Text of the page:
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What Coke Contains (medium.com)
285 points by rchaudhary 1274 days ago | hide | past | web | 137 comments | favorite



Ok, bit of a bragging moment here: my grandpa, with two other gentlemen, created the process for machining seamless cans that is described here. Before them, cans had a lead seam in them. They discovered that you could draw down the aluminum and stretch it to form cans in one piece. He also invented the process for creating the bottom of soda cans, and his friend invented the modern tab on the top of soda cans.


That's pretty damn awesome. Behind everything we take for granted, there's someone who slaved over it and brought it into fruition. Thanks for sharing!


I think about this occasionally. Everything that you see that isn't "nature" was explicitly designed by somebody (and most likely a large team of somebodies). Its truly mind-boggling.


Sort of. So much is the result of tiny incremental design improvements over decades or centuries. I remember the first time I took apart a small engine it seemed to work so well together that it was almost organic. Like it had evolved, which in a way it had


And how those things not only survive but flourish in the same environment. It's mind boggling that those designs can co-exist without immediate repercussions! The complexity through the times amazes me!


I like to think about that too. Like I notice that there's a groove in the latch for a bathroom stall; an engineer decided to put that there, but for what reason?


Wow that's awesome. We live in a society where one person takes credit for something and in this case a Coke can is comprised of many inventions as are many things. You never hear about the guy who helped shape the process of creating the bottom of soda cans or the tab on them. I wonder who invented that piece of plastic that holds store bought bread together?


Loaves of bread were sold unsliced until 1928, when a guy named Otto Rohwedder figured out how to slice bread without crushing it. Rohwedder then wrapped the bread and inserted U-shaped pins on both sides of the loaf to make it look similar to an unsliced loaf. Sliced bread became a hit because you no longer had to worry about cutting pieces of similar thickness when you made a sandwich.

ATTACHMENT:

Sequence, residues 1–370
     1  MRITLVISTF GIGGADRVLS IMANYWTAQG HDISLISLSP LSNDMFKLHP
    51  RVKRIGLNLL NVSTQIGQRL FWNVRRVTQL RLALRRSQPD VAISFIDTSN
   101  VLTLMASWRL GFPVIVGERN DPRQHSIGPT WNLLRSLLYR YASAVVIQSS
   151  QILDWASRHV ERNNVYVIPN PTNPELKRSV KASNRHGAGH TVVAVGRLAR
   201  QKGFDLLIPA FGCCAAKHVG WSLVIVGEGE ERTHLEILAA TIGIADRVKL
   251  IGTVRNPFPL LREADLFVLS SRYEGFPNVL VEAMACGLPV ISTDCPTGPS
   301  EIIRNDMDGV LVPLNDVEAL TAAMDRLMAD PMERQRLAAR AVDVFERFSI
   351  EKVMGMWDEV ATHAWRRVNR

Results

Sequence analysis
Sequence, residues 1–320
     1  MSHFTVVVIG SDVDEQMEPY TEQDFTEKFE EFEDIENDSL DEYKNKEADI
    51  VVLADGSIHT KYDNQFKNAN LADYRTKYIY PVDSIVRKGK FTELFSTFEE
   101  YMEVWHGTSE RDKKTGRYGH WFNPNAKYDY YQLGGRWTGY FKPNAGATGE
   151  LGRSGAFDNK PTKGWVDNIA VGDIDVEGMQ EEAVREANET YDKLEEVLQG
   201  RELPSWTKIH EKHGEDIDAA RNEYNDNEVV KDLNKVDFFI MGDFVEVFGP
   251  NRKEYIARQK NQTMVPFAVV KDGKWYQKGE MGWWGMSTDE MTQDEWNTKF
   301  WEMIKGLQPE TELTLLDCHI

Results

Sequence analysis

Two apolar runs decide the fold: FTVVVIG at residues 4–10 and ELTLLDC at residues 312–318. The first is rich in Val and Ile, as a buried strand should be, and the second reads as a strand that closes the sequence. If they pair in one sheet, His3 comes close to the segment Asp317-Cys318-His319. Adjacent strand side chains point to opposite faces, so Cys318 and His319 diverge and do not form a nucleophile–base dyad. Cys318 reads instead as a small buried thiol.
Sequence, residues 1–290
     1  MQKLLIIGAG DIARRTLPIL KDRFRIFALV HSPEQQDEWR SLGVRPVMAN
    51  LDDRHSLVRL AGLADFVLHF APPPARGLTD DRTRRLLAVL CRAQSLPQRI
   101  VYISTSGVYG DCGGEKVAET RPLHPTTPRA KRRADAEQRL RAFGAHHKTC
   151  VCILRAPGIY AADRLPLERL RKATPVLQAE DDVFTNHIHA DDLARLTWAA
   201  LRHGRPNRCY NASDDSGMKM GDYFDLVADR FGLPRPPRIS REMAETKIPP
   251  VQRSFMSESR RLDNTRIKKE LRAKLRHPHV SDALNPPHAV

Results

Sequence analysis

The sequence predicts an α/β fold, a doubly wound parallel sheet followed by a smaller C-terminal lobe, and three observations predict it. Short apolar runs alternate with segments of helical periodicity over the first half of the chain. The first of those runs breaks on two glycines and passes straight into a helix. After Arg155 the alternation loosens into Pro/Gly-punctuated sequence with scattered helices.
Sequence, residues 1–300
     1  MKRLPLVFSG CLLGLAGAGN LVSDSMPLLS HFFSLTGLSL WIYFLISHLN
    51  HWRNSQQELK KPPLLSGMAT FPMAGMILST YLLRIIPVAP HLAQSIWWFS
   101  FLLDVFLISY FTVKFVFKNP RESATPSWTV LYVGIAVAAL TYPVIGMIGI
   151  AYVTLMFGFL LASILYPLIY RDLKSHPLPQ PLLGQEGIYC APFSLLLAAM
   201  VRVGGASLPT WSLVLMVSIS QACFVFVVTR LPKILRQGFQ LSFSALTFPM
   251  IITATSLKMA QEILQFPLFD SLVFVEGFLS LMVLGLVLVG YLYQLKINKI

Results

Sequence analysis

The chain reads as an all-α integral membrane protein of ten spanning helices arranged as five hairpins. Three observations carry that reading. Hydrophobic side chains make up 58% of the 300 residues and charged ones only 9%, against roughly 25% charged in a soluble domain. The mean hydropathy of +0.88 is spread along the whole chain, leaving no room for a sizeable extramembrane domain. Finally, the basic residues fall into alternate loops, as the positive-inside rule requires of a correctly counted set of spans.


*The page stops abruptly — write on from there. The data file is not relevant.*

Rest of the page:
That's where the expression "the best thing since sliced bread" comes from. Obviously, people had been slicing loaves of bread for ages, but pre-sliced bread really is a relatively recent business innovation. The NYT magazine had a page about this in this week's issue.[1] Also, here is a Google ngram of the phrase "since sliced bread". You can see that the saying started in the 1950s. [2]

[1]http://www.nytimes.com/2013/03/03/magazine/who-made-that-sli...

[2]http://books.google.com/ngrams/graph?content=since+sliced+br...


I can not remember where read it, but if I recall correctly, sliced bread did not catch on until the patent on the bread slicing machine expired.


Not the individual inventor, but this company[1] invented the twisty in 1939.

Also twistys are color coated on bread, denoting the day of the week it was put out[2].

[1] http://www.twistems.com/pages/profile.html

[2] http://en.wikipedia.org/wiki/Twist_tie#Color_coding_for_brea...


I love that Wednesday's twist tie color is a complete mystery even with the assembled resources of the internet.


As for why bread is not baked on Wednesdays (Read the comments):

http://main.kitchendaily.com/2011/04/07/color-coded-bread-ba...

"One thing is universal-all bread companies deliver five days a week, with days off being Wednesday and Sunday. Thus, these days have no color coded bread for the deliver driver to remove from the store."